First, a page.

All of these benefits of K-8 schools can be found at ACDS, which also includes a preschool and junior kindergarten program. Students who start attending our Early Childhood Education (ECE) classes and graduate from ACDS as 8th graders can benefit from up to 11 years of a consistent educational philosophy and school-wide instructional mission. They grow in a developmentally-appropriate curriculum that promotes discovery and understanding rather than memorization and acceleration. They are provided with learning opportunities that are both stimulating and engaging, like Project Based-Learning (PBL), science labs, opportunities to work in our maker’s space, and myriad electives including drama, fine arts, STEM, languages, speech, media and much more. In our classrooms, students often work in teams much like they will when they head out into the workforce. In fact, we have alumni who return and state that their time at ACDS greatly helped them in this aspect of their current jobs.
Our goal at ACDS is to provide relevant learning experiences for our students that provide both high levels of opportunities for learning and low stakes for consequences. In this P-8 environment, mistakes are considered part of learning, contributing to our students’ growth mindsets and resilience.
Unlike a middle school model that operates like a mini high school and over-emphasizes subject matter, at ACDS teachers are attuned and committed to children's social-emotional needs as well as their delivery of rigorous academic content. Because our students are taught from the early grades how to treat one another with respect, kindness, and empathy, ACDS features a joyful campus atmosphere that is a hallmark of our school. Multiple teachers who know children across multiple grades help instill this ethos in them. Our students thrive in a more natural, family-like community, surrounded by older and younger peers and friends. They experience a variety of class groupings that promote caring and inclusion. In the ACDS Big Buddies program, class meetings, Advocacy in middle school and in day-to-day interactions, students are tasked with caring for each other and learning to connect. At ACDS, children enjoy a longer childhood because they're sheltered from risky behaviors and excessive peer pressure. We have found that all of this social-emotional support serves to enhance their academic abilities, confidence, and self-reliance.
In this humble educator/parent/administrator’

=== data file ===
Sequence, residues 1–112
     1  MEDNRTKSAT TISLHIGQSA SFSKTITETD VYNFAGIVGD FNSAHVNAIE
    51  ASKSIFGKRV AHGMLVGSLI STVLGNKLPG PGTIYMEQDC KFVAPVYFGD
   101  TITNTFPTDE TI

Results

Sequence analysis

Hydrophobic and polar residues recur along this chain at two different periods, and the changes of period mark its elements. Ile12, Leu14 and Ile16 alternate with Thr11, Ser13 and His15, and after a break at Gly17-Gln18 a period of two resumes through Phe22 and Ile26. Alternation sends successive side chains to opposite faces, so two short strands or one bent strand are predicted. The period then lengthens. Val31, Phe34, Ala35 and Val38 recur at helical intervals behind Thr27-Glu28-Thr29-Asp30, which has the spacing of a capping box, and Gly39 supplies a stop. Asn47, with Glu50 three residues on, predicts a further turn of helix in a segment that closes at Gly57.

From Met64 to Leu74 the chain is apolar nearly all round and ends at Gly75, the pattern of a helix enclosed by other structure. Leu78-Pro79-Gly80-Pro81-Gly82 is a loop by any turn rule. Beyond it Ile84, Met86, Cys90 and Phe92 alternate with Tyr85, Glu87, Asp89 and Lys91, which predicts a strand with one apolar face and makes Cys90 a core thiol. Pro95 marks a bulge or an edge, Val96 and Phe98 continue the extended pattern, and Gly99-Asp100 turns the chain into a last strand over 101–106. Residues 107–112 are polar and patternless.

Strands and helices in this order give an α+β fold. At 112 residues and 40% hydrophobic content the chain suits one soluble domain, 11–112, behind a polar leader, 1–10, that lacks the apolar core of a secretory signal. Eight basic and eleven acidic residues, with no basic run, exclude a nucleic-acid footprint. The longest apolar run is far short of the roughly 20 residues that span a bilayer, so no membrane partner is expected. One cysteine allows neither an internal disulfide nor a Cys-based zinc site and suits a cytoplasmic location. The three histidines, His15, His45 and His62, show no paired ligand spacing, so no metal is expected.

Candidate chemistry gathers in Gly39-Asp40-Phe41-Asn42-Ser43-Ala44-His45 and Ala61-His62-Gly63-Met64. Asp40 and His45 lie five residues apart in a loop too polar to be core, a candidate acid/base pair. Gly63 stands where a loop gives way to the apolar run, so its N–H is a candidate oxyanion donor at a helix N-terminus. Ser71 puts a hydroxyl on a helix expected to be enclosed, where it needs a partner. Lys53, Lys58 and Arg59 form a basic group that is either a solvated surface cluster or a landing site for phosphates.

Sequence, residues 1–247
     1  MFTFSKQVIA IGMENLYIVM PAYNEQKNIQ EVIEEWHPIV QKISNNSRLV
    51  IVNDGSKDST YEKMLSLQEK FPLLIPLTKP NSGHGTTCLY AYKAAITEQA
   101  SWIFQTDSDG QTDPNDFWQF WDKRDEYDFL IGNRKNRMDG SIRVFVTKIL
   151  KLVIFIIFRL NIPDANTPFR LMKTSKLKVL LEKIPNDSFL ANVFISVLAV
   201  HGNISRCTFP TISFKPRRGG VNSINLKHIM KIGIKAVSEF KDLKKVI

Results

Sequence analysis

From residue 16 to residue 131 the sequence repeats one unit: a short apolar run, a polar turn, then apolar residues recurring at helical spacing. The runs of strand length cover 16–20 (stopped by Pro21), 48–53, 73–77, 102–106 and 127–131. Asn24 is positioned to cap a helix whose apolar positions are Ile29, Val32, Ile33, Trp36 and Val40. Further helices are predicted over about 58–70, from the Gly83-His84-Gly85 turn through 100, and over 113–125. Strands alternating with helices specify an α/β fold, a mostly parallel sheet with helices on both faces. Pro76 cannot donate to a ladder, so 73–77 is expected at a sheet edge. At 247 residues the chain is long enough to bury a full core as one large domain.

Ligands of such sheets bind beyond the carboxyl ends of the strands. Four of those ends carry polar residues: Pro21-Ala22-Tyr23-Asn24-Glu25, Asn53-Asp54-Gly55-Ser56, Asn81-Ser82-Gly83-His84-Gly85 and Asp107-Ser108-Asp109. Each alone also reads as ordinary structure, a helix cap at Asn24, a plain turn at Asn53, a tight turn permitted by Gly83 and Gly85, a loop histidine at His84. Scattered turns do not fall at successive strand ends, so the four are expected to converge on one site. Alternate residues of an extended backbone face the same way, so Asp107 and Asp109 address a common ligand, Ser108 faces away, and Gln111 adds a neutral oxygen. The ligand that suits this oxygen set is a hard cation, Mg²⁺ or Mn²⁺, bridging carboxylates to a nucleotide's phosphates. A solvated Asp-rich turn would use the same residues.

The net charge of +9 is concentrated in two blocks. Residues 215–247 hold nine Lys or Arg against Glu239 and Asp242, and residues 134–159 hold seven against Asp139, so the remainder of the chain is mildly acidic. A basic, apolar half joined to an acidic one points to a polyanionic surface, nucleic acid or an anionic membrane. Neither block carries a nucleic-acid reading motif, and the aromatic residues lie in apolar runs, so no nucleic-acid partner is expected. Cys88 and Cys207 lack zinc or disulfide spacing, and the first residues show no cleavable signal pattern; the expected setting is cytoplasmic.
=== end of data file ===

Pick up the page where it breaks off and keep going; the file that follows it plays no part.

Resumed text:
Resources for more information about middle school structures and experience:
Rockoff, Jonah, et al. "How and why middle schools harm student achievement." EducationNext, Fall 2010, https://educationnext.org/
West, Martin R., et al. "The middle school plunge." EducationNext, Spring 2012, https://www.educationnext.org/
Sparks, Sarah. "Study links academic setbacks to middle school transition." Education Week, 28 November 2011, https://www.edweek.org/ew/
"Achievement declines when students change schools." Educational Research Newsletter and Webinars, November 1998, https://www.ernweb.com/
New York University. "Attending a middle vs K-8 school matters for student outcomes." ScienceDaily. ScienceDaily, 16 October 2017, https://www.sciencedaily.com/
Needell Hollander, Claire. "Why K-8 schools may be better for middle school students." New York Times, 18 December 2012, https://www.nytimes.com/
Pierson Yecke, Cheri. "Mayhem in the middle: Why we should shift to K-8." Educational Leadership. ASCD, April 2006, http://www.ascd.org/publications/educational-leadership/apr06/vol63/num07/Mayhem-in-the-Middle@-Why-We-Should-Shift-to-K%E2%80%938.aspx
Resources for more information about adolescent and adult connectedness:
Blum, Robert W. "A case for school connectedness." Educational Leadership. ASCD, April 2005, http://www.ascd.org/
Klein, Lauren. "Scratch a happy adult, find a socially connected childhood." Greater Good Magazine. University of California, Berkeley. 12 December 2013, https://greatergood.berkeley.
Mentoring Resource Center. "Redefining your success: The role of adolescent connectedness in demonstrating mentoring impact." Education Northwest. U.S. Department of Education, May/June 2009, https://educationnorthwest.